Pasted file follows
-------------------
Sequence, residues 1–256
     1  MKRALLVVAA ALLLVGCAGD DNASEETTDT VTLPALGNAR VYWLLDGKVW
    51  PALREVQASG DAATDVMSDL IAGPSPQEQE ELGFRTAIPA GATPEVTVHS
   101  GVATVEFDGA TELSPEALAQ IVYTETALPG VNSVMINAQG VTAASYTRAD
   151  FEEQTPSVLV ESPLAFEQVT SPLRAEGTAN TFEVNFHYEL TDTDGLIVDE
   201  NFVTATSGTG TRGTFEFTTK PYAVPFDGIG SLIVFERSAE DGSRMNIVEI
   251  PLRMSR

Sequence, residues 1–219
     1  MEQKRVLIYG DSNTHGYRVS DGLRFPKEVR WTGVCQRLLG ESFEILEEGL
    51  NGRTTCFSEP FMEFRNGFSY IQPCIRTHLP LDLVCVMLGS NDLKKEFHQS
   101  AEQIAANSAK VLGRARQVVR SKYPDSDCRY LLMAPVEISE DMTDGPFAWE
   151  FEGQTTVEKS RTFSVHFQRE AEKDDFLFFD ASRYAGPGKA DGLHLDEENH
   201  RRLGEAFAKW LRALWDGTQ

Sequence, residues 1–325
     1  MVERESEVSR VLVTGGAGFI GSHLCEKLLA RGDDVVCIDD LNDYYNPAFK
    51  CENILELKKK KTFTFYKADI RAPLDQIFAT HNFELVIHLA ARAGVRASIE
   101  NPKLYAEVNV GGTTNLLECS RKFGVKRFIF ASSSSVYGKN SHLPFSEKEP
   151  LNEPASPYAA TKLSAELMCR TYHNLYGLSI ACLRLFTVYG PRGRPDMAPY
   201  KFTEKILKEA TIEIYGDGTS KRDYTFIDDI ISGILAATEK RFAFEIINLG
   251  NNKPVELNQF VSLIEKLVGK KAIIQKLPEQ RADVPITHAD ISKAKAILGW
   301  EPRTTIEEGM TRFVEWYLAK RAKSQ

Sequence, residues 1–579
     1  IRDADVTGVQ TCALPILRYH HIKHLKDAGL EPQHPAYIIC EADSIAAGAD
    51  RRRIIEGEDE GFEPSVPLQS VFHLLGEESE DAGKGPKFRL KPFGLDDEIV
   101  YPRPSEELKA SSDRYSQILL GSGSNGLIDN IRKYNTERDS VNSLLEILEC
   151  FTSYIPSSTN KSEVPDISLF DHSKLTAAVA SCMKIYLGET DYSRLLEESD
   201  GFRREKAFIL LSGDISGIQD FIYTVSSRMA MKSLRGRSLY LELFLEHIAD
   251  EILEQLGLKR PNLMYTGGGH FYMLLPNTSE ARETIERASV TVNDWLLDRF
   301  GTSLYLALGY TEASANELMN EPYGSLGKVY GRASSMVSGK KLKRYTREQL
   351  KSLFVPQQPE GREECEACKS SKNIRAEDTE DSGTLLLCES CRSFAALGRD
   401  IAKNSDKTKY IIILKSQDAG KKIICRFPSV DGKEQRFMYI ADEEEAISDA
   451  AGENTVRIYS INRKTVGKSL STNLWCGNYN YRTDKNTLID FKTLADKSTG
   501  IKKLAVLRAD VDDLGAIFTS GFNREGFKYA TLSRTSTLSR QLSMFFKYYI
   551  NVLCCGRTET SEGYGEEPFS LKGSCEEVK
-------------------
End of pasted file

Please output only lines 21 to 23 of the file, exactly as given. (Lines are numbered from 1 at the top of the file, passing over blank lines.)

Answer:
   301  EPRTTIEEGM TRFVEWYLAK RAKSQ

Sequence, residues 1–579
     1  IRDADVTGVQ TCALPILRYH HIKHLKDAGL EPQHPAYIIC EADSIAAGAD